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A gang has been prowling the streets of the city, attacking its residents and spreading fear in some localities. And before you wonder whether the police have been informed, know that this gang is of monkeys.

Residents from Sion, Chunabhatti, Parel, Andheri-Marol and Bandra are finding themselves at their wits' end after frequent attacks by monkeys. On Thursday, an eight-year-old boy and a 35-year-old man were attacked in Parel.

In Parel, where the menace is particularly intense, monkeys have been found climbing buildings and reaching people's homes through windows and other open gaps. In one instance, they hopped up and reached the terrace of Laxmi Cottage building on Dr BA Ambedkar Road, where children were playing.

"On spotting the monkeys, the children started running and shouting for help. The monkeys started imitating them, and one caught hold of an eight-year-old, Reon Mudlari, and clung on his leg. Scared, the boy tried to stamp his feet and free himself. That's when the monkey hurt him with his claw and bit him," said Yogesh Panhale, animal rescuer who was roped in by the fire brigade.

A member of Manav Abhyas Sangh, Panhale is working under Sunil Kadam along with one Hakim Shaikh. The team is roped in by even forest department in cases of emergency.

Panhale added, "When fire brigade approached us, we reached the spot immediately. But by then another resident, 35-year-old Rajesh Pille, was attacked. Pille apparently was trying to feed the animal and divert its attention."

The team immediately laid a trap to catch the monkey but was successful only at 1.30am. "We handed the animal over to the forest department in Thane as per procedure," Panhale said.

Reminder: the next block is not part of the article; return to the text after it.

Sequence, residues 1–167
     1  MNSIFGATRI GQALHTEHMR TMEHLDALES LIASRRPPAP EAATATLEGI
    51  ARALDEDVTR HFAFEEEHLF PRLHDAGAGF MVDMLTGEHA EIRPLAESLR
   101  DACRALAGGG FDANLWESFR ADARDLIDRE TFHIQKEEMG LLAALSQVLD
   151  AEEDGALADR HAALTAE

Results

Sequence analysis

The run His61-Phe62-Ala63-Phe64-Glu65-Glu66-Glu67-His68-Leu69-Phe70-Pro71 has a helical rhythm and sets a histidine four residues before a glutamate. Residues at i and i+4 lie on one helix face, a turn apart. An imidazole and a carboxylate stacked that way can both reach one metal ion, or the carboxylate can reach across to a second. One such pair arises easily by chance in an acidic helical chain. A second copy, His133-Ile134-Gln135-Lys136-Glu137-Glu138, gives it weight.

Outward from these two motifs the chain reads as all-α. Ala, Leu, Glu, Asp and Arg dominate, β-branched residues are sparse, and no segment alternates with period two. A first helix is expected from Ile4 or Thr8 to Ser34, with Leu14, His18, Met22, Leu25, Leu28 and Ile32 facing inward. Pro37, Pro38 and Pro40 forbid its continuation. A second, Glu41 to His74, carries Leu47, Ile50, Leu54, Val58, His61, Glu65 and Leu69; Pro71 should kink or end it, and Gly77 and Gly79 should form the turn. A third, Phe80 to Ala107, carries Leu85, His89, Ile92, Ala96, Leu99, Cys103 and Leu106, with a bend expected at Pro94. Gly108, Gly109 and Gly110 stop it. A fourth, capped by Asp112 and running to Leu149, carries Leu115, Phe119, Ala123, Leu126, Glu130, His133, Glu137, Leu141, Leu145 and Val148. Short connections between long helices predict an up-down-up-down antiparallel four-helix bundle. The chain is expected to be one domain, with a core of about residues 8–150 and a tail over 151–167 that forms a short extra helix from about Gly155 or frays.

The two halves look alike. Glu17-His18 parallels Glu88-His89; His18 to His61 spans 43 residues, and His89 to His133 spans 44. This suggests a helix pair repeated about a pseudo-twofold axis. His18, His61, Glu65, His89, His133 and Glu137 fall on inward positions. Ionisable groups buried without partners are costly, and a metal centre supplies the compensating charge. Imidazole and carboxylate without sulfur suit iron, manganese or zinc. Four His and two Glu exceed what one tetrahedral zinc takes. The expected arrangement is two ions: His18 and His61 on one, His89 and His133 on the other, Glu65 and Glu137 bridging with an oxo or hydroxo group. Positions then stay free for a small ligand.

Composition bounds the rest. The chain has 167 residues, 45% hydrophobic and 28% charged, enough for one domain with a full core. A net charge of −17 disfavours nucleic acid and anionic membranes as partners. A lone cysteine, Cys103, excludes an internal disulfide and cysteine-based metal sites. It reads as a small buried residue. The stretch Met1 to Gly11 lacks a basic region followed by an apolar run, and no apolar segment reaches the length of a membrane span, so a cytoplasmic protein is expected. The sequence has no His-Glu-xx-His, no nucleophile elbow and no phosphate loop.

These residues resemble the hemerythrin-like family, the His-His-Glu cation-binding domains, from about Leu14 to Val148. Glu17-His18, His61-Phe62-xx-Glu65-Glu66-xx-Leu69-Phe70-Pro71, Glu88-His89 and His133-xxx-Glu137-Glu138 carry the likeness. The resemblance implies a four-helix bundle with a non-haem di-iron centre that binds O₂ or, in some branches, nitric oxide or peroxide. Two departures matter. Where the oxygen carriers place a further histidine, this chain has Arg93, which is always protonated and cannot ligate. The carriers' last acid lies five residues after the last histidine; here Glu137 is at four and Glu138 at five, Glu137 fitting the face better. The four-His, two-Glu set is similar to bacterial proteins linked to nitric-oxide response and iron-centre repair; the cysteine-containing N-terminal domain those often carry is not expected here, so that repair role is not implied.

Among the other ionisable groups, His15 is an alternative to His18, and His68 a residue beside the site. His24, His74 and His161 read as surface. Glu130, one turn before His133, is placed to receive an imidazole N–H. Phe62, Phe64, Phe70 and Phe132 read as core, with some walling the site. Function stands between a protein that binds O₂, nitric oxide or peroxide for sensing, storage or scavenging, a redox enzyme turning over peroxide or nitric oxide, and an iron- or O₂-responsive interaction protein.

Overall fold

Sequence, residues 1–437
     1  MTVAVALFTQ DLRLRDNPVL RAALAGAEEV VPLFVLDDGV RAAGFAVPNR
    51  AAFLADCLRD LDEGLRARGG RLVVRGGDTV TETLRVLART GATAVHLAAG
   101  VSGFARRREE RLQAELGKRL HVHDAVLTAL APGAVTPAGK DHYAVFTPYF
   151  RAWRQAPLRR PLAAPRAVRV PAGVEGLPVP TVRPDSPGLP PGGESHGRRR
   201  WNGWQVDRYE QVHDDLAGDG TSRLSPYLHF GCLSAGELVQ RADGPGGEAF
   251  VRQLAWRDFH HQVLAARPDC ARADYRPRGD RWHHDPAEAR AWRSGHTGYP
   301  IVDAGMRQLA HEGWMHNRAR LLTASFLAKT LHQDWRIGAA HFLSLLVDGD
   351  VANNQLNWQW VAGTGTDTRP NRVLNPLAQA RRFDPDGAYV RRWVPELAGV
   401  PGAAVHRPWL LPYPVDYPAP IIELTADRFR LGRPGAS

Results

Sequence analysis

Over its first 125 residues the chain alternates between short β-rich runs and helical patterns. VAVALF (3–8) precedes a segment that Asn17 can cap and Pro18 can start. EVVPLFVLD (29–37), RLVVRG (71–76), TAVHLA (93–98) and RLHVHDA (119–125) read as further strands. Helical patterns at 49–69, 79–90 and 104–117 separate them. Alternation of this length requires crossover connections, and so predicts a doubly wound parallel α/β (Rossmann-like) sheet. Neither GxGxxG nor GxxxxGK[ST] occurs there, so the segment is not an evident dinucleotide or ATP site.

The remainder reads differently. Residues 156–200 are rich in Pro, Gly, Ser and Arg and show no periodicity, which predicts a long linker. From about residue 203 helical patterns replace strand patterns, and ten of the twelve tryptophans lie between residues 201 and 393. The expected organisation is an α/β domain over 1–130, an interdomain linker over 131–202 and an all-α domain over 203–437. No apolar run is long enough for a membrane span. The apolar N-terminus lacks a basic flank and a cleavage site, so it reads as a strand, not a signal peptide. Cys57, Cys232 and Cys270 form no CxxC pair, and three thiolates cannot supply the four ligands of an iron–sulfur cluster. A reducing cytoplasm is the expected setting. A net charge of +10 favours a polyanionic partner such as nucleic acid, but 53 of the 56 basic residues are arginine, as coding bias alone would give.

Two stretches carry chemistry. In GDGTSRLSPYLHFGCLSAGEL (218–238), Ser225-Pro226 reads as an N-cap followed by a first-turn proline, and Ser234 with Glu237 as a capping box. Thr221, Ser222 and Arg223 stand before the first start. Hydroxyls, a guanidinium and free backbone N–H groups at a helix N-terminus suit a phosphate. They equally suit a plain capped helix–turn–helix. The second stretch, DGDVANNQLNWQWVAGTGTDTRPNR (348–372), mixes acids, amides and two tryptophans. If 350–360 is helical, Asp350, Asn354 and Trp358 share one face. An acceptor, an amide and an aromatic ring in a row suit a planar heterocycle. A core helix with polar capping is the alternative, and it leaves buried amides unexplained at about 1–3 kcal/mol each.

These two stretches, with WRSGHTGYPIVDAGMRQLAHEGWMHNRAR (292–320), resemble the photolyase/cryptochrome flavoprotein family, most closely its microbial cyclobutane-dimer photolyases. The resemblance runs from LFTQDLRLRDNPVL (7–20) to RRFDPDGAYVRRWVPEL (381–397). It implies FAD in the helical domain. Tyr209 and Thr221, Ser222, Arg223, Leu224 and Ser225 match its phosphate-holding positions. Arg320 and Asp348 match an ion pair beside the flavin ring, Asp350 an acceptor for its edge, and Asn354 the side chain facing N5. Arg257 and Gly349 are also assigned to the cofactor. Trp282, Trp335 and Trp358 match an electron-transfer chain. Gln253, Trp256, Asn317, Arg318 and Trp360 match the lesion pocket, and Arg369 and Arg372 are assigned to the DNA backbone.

In other parts of the city, residents of Marol, Andheri and Sion-Chunabhatti said monkeys have been entering their homes through windows, entering kitchen for food and even damaging property.

Bandra West resident Meena Pahalajani said monkeys have been spotted in the area for the past few months. They enter homes, leave taps open and then flee through the balcony. "Residents have visited the area's ward office several times but help is yet to come," she said.

The problem with regard to animal rescue in the city is that authorities lack the manpower and equipment to deal with such incidents.

Pawan Sharma of Resqink Association for Wildlife Welfare said, "The prevailing methods of animal rescue in the city are not ethical or even legal. I have received many complaints from people who have witnessed animals being hurt in the process of being 'rescued'. The problem lies in the fact that there are no experts from the BMC or the Thane forest department to ensure that monkeys, or any animals for that matter, are properly rescued and rehabilitated."

When chief conservator of forests at the Sanjay Gandhi National Park Vikas Gupta was contacted, he said, "Instances of animal rescue within city limits are looked after by the Thane forest department and do not come under my jurisdiction."

A source from the forest department confirmed the same and said, "The department is poorly equipped and doesn't have experts or equipment to resolve such incidents."